Sponsored by Everlytic Believe it or not, the history of email as a means to communicate dates back to the early seventies. Many are…
Most chief financial officers are prioritising cash management solutions to earn meaningful returns and optimise cash. In fact, new research shows they now rank “cash management and liquidity” as their second-biggest priority, just after funding.
The latest Global Treasury survey report by PricewaterhouseCoopers further reveals that CFOs are seizing strategic opportunities amid trying times which forces businesses to make their cash work harder for them.
Citadel Global director Bianca Botes believes businesses should be leveraging cash management strategies to their benefit, particularly during times of volatility and rising interest rates. Too many businesses have their cash reserves deposited in non-interest earning current accounts, she warns.
“While these allow easy access to cash, they do not maximise returns like a more strategic cash exposure can. An intentional cash management approach maximises the returns on cash while still considering and, more importantly, minimalising the tax consequences of sound cash solutions.”
According to Botes, there are a number of factors businesses should consider when seeking a cash management offering.
“When seeking a cash management partner, research which companies can offer your business the best cash portfolio and always read the fine print. You ideally wish to find one that considers many key aspects that will make a tangible difference to your returns, such as the rate at which interest will be taxed, etc.,” she says.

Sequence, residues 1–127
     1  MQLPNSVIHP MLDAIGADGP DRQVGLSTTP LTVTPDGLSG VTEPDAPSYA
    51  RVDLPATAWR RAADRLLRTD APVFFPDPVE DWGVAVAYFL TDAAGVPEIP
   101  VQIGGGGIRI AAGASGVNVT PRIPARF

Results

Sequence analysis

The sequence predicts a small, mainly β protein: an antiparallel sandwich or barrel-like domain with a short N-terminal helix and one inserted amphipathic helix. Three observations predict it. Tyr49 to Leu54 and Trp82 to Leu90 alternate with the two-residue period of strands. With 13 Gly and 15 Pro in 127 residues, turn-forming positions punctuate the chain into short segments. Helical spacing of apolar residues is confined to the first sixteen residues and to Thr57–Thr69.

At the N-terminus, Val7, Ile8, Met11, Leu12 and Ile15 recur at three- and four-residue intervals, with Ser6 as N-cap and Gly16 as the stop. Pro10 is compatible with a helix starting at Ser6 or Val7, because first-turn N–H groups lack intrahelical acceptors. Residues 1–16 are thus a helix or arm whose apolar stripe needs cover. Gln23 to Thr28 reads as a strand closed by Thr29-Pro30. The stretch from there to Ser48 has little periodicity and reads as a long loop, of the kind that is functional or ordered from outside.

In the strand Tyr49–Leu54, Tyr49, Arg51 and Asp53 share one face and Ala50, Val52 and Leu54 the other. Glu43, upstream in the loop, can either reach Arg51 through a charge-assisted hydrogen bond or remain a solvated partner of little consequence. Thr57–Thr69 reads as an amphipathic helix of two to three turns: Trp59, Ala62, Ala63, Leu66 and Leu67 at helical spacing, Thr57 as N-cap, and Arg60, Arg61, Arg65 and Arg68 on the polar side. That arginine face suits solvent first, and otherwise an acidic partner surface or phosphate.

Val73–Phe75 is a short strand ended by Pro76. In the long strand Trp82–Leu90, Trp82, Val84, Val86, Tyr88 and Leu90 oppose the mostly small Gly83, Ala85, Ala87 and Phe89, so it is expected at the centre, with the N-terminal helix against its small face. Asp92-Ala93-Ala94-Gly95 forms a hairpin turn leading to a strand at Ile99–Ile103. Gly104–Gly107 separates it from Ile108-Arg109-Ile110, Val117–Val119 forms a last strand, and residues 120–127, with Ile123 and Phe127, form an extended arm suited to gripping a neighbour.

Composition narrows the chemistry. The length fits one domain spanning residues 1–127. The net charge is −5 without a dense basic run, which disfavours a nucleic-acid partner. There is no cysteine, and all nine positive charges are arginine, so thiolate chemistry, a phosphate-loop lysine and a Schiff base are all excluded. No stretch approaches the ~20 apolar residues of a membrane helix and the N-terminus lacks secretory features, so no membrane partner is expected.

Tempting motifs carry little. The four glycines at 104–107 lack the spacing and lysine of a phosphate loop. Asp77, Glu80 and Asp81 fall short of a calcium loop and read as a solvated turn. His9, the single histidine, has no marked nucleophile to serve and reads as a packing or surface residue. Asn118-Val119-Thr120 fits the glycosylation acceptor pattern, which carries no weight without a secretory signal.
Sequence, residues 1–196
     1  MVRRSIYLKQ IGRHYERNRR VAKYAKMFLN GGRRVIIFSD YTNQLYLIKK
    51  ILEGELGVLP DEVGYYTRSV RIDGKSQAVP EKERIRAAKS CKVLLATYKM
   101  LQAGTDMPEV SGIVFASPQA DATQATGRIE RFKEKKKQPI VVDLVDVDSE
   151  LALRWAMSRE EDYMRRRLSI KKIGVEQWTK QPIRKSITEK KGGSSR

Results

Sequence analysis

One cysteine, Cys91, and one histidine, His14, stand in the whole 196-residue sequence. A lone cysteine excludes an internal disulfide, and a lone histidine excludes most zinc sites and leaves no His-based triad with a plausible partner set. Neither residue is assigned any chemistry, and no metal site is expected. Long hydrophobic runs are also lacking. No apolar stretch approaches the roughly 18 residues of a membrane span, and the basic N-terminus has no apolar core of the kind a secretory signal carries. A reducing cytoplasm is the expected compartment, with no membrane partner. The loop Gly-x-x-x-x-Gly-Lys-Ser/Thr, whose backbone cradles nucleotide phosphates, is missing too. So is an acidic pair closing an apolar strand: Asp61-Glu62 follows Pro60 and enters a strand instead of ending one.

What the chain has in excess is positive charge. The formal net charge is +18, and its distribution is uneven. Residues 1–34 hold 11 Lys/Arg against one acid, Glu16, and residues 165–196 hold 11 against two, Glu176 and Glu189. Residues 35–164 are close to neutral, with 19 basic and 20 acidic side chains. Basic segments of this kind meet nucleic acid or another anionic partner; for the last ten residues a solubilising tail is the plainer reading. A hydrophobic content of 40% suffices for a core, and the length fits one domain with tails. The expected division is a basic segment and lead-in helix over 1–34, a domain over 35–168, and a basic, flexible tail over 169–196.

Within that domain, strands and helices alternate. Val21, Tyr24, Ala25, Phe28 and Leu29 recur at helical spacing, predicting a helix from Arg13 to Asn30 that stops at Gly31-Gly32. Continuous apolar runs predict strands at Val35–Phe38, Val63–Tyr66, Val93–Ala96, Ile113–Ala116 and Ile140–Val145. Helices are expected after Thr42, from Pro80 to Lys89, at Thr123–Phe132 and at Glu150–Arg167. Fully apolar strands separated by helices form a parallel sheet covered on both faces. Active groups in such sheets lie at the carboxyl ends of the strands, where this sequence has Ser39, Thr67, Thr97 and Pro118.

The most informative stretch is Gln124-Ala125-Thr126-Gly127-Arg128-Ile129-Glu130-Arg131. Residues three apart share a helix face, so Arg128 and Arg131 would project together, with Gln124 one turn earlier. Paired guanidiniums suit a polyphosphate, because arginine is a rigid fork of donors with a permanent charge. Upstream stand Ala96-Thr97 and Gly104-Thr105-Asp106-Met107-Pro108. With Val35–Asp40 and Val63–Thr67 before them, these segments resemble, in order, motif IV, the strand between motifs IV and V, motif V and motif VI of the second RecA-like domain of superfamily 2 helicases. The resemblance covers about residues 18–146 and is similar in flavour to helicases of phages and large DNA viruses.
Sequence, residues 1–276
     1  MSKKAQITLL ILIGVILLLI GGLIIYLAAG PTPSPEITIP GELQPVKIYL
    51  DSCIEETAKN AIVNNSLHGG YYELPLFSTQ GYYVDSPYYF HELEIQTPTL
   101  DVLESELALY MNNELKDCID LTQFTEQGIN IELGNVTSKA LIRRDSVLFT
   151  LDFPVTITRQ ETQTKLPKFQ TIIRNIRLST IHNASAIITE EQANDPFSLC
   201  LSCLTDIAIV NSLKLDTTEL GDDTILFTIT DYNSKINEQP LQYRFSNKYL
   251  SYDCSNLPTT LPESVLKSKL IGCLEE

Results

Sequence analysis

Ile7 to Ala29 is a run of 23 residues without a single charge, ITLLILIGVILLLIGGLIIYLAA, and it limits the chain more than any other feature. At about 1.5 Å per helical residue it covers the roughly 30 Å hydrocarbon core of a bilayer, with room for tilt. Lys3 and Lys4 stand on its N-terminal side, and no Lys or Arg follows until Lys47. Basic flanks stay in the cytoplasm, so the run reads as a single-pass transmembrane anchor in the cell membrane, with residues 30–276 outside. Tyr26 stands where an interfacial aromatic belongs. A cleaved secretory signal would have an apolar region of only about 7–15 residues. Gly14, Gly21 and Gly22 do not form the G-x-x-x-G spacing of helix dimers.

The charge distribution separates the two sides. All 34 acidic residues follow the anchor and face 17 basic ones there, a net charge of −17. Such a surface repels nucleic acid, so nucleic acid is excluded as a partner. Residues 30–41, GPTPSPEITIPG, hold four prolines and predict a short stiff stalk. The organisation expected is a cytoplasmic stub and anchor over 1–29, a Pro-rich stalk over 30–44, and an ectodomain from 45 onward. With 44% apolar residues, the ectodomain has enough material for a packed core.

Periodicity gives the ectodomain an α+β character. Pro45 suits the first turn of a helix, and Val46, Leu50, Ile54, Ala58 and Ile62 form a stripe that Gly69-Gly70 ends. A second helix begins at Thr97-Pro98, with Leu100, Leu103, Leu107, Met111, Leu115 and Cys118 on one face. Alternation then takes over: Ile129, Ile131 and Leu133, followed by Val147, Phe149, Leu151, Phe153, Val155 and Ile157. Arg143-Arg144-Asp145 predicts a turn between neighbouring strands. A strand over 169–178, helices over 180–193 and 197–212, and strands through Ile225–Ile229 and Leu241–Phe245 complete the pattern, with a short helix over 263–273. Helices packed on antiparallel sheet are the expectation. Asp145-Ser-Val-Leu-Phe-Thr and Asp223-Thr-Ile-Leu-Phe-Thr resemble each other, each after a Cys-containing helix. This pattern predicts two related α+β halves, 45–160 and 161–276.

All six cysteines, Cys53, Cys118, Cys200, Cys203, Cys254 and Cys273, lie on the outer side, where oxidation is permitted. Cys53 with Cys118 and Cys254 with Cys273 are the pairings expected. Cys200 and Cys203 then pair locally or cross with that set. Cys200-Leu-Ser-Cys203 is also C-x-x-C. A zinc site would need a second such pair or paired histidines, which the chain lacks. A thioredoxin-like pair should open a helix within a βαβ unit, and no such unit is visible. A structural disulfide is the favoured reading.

Cash management is not dependant on the size of your business, but rather your cash on hand, and your cashflow cycles. This is why it should be a strategic priority even for small businesses, adds Botes.
As an example, she notes that the Citadel Global Cash Management solution is specifically designed for medium to large-sized businesses. “Although we do not stipulate the size of business that can transact using this service, to maximise its value from an earnings point of view, a business must have at least R500 000 in available cash.”
Understanding cashflow cycles
An essential part of getting started is meeting with your prospective cash management partner so that they can gain an understanding of your business’ short-, medium-, and long-term cashflow needs, adds Botes. “Ultimately, we are looking to understand your cashflow cycles to determine the best possible strategy that aligns with your cash holdings.”
Botes’ comments come in the wake of increasing volatility of the Rand. With the Rand being a commodity-driven currency, the best protection against currency volatility is to store your money in a more stable international currency, she believes.
“Yet, South African legislation does not allow corporate cash to be passively invested offshore. However, for a longer-term cash investment, your specialist should consider an asset swap solution to ensure your cash is protected in volatile economic times.”
It is therefore important to work with an expert and not to follow a do-it-yourself approach.
“Of course, a business can manage its own cash. However, cash management is a time-consuming activity, and to get the best returns, it requires a sound understanding of financial markets. With the help and guidance from specialists, you can focus on the daily running of your business knowing that you are likely getting the best returns.
“Managing increasingly complex foreign exchange transactions and exposures requires both a keen understanding of currency risk and a sound and effective cash flow and corporate cash management approach, which expands as your needs change.”